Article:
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Nigeria, South Africa, Egypt Smartphone markets lift Africa’s growth

By Adeyemi Adepetun
12 December 2019   |   3:38 am
While market saturation and U.S.–China tensions are placing the global Smartphone market under intense pressure, new research from International Data Corporations shows that the African Smartphone....

While market saturation and U.S.–China tensions are placing the global Smartphone market under intense pressure, new research from International Data Corporations shows that the African Smartphone market saw shipments increase 4.0 percent quarter on quarter in Q3 2019 to total 22.6 million units.
The growth in the Smartphone space was spurred by the strong performance of the three biggest markets in Africa – Nigeria, South Africa, and Egypt. This was largely driven by the huge influx of affordable models that have recently been launched in these markets, while the relative stability of the Nigerian naira and appreciation of the Egyptian Pound (EGP) also helped stir an increase in consumer demand.
According to IDC’s latest quarterly Mobile Phone Tracker, Africa’s overall mobile phone market reached 55.8 million units in Q3 2019, with feature phones accounting for 59.4 percent of this total versus smartphones at 40.6 percent.

Statistics from IDC further showed that Transsion brands (Tecno, Infinix, and Itel) continued to lead the feature phone space in Q3 2019, with a combined unit share of 64.0 percent. Nokia was next in line with 10.0 percent share. In the smartphone space, Transsion (36.2 percent), Samsung (23.9 percent), and Huawei (11.4 percent) led the way in unit terms; however, in value terms, Samsung was the clear leader with 33.2 percent share, followed by Transsion (22.4 percent) and Huawei (15.6 percent).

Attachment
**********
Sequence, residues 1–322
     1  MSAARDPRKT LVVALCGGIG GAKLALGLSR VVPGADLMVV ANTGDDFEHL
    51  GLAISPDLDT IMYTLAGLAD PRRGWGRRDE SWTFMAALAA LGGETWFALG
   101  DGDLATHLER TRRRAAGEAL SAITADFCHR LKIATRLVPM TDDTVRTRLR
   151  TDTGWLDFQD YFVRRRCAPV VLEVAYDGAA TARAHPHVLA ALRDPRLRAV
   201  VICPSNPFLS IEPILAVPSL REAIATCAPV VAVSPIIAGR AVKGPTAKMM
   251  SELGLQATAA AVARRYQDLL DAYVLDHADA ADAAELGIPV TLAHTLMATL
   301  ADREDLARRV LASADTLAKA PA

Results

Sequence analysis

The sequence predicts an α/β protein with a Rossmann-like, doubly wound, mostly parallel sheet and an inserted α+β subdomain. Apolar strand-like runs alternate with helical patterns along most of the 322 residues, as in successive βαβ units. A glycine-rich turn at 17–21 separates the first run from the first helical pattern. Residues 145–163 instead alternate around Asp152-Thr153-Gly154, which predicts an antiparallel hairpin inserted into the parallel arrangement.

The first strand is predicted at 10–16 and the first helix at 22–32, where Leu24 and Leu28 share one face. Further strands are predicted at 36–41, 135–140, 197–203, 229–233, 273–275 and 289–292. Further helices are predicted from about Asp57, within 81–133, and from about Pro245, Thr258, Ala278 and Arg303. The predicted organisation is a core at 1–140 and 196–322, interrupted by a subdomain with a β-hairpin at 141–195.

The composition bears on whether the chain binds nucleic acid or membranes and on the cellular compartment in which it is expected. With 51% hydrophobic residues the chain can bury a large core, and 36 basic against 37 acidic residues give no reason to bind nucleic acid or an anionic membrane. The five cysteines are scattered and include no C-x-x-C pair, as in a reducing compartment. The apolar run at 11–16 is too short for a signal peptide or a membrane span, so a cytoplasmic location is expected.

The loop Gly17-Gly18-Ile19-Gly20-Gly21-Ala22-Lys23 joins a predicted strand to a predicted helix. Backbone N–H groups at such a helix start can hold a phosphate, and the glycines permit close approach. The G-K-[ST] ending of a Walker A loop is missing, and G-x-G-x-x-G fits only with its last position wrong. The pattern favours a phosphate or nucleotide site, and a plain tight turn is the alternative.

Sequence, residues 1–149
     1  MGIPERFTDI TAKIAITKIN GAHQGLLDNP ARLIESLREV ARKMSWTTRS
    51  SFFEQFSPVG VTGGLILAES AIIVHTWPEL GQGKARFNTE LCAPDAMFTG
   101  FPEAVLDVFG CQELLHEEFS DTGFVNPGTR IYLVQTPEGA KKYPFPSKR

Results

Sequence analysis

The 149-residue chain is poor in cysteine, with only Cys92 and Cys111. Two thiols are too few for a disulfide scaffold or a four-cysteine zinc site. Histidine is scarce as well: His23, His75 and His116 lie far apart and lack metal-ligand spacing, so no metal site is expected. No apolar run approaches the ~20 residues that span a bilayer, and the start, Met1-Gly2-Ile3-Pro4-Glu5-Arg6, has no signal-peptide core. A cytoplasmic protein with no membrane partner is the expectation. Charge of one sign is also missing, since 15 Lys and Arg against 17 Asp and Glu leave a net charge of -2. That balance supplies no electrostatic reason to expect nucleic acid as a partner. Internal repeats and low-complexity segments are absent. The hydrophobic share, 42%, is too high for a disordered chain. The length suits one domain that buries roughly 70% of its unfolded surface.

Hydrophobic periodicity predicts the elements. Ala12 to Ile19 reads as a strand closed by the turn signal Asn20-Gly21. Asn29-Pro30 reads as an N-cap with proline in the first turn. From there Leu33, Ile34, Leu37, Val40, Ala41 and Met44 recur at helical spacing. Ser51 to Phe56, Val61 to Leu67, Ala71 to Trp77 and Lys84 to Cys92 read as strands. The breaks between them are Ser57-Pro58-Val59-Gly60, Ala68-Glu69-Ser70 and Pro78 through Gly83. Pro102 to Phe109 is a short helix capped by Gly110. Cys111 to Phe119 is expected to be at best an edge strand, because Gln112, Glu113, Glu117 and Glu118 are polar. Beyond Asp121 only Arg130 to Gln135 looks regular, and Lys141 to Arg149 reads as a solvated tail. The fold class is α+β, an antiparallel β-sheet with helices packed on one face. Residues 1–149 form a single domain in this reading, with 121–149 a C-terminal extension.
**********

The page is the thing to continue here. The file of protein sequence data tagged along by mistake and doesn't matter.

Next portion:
Senior Research Analyst at IDC, Taher Abdel-Hameed, said Samsung shook the market up this year with the launch of its new A series of devices, which combine excellent value for money with Samsung’s well-established brand equity. He said this move spurred a significant increase in Samsung’s shipments across most African countries.
“Samsung recorded remarkable year-on-year growth of 61.4 per cent in the low-end price band ($100-$200) in Q3 2019, and its move into this space has pushed Chinese brands to offer more affordable devices.

Local African brands have traditionally focused on filling in for the absence of global brands in the entry-level smartphone segment, so these latest developments have put them in a difficult situation, causing their volumes to decline 33.6 percent year on year in Q3 2019,” he stated.
The report noted that Africa’s smartphone market is also changing from a price band perspective, with the $100-$200 category seeing its share of shipments increase from 31.4 percent in Q3 2018 to 39.8 per cent in Q3 2019.

This growth, according to IDC was largely driven by the launch of new Samsung and Transsion models. It noted that the ultra-low-end band (below $100) has been declining in recent quarters and losing share to the low-end price band as brands move their device portfolios towards larger screen sizes and 4G capabilities.
According to another Research Manager at IDC, Ramazan Yavuz, “2019 will prove to have been a pivotal year for the African smartphone market. 4G devices are now dominating the market like never before, accounting for 73.0 percent of shipments. Screen sizes are also getting larger, with devices equipped with 6-inch screens and above now accounting for 41.7 percent of shipments, up from just 9.0 percent a year ago.”
IDC expects Africa’s overall mobile phone market to total 218.2 million units for 2019 as a whole. Smartphone shipments will total 91.0 million units for the year, up 3.2 percent on 2018, and the introduction of more affordable devices will help drive progress in this space over the coming years. Feature phone shipments are expected to remain flat at 127.2 million units for 2019, up just 0.1 percent year on year, as the transition to smartphone gathers momentum.